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Safety initiative head wants to cut farm accidents

Published on NewsOK Modified: February 23, 2013 at 1:26 pm •  Published: February 23, 2013

"Equipment manufacturers have seen how farmers get hurt, and they've addressed those problems quite a bit," said Propst, also a rural firefighter and first responder to medical emergencies.

In his area, he said, "There's not been a major farm accident that I can think of in 10 years."

But the occupational niche farmers occupy presents some special challenges, and environmental hazards such as inhaling dust are among them.

Todd Wyatt, core director for research at the safety center, said the hog producers of a generation ago didn't work in confinement barns "and they didn't spend all day long with the pigs."

Now that they do, "components from dust in the swine barn actually slows down the cilia," the tiny hair-like projections that protect nasal passages and other parts of the respiratory system.

Working in confined settings, on steep terrain, with augers, agricultural chemicals and unpredictable livestock, on top of and inside grain bins — and working alone in remote settings — are risk factors that aren't overcome easily.

Plus, Propst said, farmers are responsible for more acres.

"We've got more to do so we're in a bigger hurry."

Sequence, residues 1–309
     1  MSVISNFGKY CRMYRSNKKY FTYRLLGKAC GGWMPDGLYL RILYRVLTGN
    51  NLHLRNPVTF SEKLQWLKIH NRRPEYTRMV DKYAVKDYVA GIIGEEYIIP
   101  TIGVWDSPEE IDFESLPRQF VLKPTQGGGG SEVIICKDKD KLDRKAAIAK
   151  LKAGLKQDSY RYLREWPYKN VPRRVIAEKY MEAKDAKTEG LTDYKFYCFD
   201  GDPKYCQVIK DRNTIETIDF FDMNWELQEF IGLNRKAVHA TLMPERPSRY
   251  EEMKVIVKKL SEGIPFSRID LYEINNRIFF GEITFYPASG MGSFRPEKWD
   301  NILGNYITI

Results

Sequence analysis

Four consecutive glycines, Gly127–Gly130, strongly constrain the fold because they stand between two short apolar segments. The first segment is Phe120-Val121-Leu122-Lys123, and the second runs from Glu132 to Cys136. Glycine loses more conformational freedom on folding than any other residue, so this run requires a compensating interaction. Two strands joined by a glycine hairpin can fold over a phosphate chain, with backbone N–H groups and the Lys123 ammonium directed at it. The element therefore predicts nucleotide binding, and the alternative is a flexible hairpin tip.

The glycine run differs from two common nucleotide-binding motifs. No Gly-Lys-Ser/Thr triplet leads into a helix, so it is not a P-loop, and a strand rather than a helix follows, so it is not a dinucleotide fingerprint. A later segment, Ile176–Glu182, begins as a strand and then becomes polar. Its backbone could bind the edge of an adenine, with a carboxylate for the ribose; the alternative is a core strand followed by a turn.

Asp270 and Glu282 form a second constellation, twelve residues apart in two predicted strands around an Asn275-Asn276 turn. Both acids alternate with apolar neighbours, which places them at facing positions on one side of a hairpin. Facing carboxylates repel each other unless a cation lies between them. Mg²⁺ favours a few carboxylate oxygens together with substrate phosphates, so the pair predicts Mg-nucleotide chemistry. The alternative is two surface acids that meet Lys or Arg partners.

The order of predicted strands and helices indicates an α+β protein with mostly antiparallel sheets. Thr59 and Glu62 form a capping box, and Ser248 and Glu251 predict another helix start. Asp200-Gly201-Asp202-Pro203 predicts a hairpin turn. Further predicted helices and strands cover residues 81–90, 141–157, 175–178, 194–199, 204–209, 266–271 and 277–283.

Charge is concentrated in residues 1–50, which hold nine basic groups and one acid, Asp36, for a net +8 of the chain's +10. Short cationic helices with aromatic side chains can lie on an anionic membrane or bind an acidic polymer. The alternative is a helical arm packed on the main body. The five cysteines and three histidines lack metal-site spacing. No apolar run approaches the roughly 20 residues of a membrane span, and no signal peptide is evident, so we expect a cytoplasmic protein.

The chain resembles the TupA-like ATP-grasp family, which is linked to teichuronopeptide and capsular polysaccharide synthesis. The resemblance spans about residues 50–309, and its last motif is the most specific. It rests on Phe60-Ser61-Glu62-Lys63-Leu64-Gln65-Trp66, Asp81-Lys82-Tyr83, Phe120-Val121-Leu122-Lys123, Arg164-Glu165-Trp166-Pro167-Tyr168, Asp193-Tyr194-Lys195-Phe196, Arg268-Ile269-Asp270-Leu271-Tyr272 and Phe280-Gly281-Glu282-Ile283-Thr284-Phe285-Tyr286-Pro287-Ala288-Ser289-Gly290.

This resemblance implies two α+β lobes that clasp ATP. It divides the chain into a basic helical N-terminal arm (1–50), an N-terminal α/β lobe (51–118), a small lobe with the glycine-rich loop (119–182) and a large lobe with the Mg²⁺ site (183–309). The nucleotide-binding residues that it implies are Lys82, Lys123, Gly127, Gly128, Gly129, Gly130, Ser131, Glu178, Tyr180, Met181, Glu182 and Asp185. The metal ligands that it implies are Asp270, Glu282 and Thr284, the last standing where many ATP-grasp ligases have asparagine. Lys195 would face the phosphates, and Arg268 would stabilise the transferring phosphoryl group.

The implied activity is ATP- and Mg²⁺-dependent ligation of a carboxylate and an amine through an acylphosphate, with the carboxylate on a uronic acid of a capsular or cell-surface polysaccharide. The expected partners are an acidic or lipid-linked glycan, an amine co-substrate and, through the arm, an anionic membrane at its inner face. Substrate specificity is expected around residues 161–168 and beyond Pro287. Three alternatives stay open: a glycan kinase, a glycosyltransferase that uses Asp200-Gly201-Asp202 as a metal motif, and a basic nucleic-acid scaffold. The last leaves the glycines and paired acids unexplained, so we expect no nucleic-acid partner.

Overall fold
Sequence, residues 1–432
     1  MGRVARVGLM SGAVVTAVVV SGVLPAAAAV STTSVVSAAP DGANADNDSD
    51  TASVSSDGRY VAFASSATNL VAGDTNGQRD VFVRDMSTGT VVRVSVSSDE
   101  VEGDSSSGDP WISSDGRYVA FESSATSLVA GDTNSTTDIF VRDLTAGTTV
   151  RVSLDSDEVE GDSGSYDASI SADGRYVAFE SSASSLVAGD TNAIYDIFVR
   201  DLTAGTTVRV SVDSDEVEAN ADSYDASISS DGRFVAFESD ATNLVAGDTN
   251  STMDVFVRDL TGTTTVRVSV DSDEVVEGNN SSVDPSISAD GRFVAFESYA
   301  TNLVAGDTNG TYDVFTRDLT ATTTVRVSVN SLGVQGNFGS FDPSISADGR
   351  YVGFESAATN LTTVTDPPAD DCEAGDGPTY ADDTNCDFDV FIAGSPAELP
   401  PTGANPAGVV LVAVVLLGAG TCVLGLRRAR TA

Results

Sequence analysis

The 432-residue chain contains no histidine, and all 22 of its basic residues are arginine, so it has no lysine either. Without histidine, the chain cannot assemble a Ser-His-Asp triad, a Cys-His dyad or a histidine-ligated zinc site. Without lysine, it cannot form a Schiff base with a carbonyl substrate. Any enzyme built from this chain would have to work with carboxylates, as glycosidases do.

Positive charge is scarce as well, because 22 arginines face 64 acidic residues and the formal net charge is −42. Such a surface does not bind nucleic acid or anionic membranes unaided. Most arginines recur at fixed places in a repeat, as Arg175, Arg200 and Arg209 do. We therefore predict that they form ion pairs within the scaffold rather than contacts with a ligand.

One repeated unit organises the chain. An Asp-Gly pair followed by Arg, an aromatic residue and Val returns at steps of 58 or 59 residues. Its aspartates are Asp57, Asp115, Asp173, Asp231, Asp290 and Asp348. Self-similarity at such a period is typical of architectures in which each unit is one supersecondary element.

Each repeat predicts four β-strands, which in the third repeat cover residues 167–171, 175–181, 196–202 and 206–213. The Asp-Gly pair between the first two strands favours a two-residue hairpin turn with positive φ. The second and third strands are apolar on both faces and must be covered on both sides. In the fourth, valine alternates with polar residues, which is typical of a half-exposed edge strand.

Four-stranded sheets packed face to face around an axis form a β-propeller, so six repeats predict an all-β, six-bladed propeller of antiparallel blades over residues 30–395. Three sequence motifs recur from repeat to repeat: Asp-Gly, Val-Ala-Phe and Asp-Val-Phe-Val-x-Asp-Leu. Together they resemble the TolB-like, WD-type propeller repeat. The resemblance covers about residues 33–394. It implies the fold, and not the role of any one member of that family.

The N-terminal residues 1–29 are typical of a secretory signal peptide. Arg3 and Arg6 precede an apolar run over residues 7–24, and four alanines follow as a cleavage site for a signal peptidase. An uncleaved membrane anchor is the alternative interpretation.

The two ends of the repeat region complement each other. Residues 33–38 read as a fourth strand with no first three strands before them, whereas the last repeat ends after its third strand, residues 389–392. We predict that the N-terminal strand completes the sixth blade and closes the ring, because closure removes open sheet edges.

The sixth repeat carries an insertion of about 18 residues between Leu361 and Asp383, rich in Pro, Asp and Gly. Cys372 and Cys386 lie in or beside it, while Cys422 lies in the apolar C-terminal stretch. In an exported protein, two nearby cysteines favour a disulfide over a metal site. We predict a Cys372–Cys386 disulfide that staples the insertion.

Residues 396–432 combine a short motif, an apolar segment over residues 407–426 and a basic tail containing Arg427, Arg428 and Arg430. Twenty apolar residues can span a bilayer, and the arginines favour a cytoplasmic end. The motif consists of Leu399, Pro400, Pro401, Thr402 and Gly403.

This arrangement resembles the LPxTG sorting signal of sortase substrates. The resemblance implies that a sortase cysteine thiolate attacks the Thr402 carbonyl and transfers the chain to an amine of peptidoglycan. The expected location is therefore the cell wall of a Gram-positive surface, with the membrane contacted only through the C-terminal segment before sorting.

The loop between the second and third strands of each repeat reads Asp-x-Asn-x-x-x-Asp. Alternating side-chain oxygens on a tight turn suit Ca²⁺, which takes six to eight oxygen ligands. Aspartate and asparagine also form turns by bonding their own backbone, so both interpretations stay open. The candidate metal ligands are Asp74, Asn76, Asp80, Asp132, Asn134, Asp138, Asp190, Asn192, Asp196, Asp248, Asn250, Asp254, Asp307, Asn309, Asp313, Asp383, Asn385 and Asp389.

Roger Hoy, director of the tractor testing lab at the University of Nebraska-Lincoln, said there was a new problem to contend with, too — boredom.

"Before we had all these computers, farmers would actually drive the tractor."

Now, because of global positioning systems, he said, "a good portion of the time, a farmer is only there in case something goes wrong or to turn the tractor around at the end of a row."

Since the mid-1980s, rollover protection has been standard on new tractors. But surveys suggest many of the tractors still performing farm chores are from as far back as the 1930s and 1940s.

"A lot of those tractors are still running, and there's no rollover protection on them," Hoy said.

Part of the injury surveillance evidence accumulating at the agricultural safety center in Omaha, Director Rautiainen said, points to the absence on farms and ranches of safety standards enforced in ag business settings by the Occupational Safety and Health Administration.

"Farmers working alone," he said, "nobody telling them what to do, many times take a risk that, in other industries, wouldn't be done."